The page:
He invited any two people in his department, when they had some space in their work day, to go across the road to a small restaurant, buy 2 ice creams, and as long as they used that time to talk about the business, in any way shape or form, he’d reimburse them.
It was a spectacular stroke of genius. Suddenly people who had previously had to ask their manager to go to the bathroom (even though this was no longer necessary it was intrenched in the culture) had been given permission to make a call on their own workload, invite a colleague, and not have to ask anyone’s permission to leave the office for an ice-cream and a coneversation.
So simple. So inexpensive. So profound in the change it brought with it.
There will be Milk!
An email came down from the Head Office of a financial services business I was working with, to decree that due to the need for cost-cutting there would no longer be fresh milk made available at the coffee stations of any of the companies within the group. From now on it was powdered milk only. Chaos erupted. Words like ‘revolution’ were used all through the business, as employees became angry and even outraged at this cost-cutting decision.
The MD of the business also received the email. Having given it some thought he sent an email to the entire business, copying Head Office in and telling everyone there would be milk available at coffee stations.
As he explained a week later…… the response was overwhelming. Where he’d always struggled to get people to read and reply to extremely important emails that he would send, suddenly hundreds of employees all over the business were not only reading his few lines long email, they were sending him responses.
Simple. Highly Highly Effective.
A Bag of Jelly Beans
I’ve never been able to track the source of this story, but it’s beautiful in it’s simplicity. I have, however, heard of a South African company who took the principle and did their own thing. The original version of the story I heard, goes mostly like this….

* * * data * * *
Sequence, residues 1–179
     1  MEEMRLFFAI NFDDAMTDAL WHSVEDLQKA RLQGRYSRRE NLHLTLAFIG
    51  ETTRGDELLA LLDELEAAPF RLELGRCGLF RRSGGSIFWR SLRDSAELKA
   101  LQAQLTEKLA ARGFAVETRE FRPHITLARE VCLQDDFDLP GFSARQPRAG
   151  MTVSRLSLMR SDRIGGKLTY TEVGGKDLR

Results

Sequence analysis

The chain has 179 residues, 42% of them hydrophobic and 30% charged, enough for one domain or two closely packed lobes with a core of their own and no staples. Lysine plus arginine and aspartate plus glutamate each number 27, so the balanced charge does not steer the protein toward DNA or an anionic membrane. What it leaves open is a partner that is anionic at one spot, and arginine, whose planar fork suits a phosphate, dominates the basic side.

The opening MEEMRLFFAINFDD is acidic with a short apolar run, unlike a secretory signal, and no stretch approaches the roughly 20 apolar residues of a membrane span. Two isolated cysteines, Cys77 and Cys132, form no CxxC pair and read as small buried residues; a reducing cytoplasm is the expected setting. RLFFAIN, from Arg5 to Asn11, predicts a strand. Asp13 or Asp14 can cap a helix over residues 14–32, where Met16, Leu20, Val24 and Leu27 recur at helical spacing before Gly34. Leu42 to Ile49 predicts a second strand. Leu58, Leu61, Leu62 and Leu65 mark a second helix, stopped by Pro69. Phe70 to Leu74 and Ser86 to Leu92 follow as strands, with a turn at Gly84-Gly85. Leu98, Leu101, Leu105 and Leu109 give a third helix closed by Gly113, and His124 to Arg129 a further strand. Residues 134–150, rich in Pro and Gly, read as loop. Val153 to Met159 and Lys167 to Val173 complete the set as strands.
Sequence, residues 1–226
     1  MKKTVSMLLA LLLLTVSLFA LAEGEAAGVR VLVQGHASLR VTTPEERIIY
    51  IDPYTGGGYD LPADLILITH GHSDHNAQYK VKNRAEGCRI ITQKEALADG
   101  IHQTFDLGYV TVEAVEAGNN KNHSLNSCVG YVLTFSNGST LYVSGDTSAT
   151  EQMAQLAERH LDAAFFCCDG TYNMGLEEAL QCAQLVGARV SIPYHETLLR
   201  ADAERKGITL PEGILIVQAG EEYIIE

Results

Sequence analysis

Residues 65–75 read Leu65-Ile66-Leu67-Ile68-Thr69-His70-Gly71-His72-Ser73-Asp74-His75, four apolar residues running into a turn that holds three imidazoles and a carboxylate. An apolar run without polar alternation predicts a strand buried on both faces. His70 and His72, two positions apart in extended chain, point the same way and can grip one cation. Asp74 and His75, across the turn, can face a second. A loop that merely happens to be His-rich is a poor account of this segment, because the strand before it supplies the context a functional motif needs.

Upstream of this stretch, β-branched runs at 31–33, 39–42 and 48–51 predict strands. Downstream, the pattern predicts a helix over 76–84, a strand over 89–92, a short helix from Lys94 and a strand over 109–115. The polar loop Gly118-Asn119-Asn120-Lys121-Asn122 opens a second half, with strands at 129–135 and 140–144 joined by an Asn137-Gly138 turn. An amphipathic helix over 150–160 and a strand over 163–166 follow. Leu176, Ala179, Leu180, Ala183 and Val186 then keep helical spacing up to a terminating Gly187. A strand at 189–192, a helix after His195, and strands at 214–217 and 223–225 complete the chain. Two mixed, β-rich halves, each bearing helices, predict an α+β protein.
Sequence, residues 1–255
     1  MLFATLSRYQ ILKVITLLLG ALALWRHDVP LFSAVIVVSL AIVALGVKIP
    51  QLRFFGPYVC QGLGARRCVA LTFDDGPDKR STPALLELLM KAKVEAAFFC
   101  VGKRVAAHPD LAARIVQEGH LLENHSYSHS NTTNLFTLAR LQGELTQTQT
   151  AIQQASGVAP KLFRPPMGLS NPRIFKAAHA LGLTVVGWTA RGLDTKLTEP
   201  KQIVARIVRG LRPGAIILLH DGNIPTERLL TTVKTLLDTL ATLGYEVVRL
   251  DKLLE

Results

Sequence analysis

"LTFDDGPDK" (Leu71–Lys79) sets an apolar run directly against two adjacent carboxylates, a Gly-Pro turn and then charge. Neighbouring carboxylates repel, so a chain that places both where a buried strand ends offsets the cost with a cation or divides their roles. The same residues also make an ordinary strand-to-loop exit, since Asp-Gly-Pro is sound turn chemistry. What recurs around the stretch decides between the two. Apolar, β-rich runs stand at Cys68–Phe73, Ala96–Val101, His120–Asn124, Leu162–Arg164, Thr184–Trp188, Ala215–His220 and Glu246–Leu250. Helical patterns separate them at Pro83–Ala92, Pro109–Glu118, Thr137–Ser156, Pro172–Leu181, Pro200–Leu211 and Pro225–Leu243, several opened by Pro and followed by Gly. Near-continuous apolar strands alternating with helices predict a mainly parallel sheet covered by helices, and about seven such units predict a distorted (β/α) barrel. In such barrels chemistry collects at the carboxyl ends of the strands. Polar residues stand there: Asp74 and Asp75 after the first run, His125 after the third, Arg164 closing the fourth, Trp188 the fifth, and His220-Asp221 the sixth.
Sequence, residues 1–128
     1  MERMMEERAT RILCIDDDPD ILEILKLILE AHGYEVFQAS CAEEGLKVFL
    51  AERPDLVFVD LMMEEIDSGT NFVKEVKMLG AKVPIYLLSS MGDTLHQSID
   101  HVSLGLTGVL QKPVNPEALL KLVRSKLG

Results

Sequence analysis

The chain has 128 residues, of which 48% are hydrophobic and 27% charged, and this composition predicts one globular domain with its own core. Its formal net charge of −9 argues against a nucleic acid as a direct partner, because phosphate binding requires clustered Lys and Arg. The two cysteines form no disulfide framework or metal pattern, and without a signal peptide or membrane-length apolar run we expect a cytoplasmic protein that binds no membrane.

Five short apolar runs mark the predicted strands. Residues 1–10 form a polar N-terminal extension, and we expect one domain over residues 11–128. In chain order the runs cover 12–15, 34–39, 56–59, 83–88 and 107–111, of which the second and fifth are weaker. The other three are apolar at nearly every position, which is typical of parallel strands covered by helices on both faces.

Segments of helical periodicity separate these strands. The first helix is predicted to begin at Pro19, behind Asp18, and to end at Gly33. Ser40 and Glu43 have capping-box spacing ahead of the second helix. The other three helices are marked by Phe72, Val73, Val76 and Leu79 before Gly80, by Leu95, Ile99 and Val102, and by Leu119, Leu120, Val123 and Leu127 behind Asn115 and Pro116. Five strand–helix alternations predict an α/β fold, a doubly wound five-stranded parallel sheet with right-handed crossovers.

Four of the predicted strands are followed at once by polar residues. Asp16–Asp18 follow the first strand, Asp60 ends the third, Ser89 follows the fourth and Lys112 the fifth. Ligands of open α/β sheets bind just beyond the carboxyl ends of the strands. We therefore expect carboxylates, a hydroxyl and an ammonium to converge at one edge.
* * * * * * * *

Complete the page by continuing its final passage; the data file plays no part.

In joining this unknown-to-me-company, people are met at reception and handed a bag of jelly beans. Their instruction is simple, take two days, wonder around the business, offer people some Jelly Beans, and report back here on the morning of your third day. That’s it, and it’s genius. Over time the company learns that people wondering around with a bag of jelly beans are newbies, and can therefore step up, introduce themselves and tell the newbie a little about them and what they do in the business. Newbie’s have no idea who’s who, and therefore have the freedom to wonder everywhere meeting different people. I can even imagine them potentially walking into the CEO’s office to offer Jelly Beans.
It doesn’t require anyone to drive it. It needs no process or systems. It’s costs a bag of Jelly Beans. There are no forms to fill in. I’ll bet it’s more effective as an on-boarding exercise / tool than anything you or I have ever experienced?
Culture is a delicate yet critical component of any organisation. I do think we can easily get caught up creating or executing people processes who’s complexity gets in the way of their effectiveness. Sometimes it’s the simple things, the little things that can make an extra-ordinarily large difference.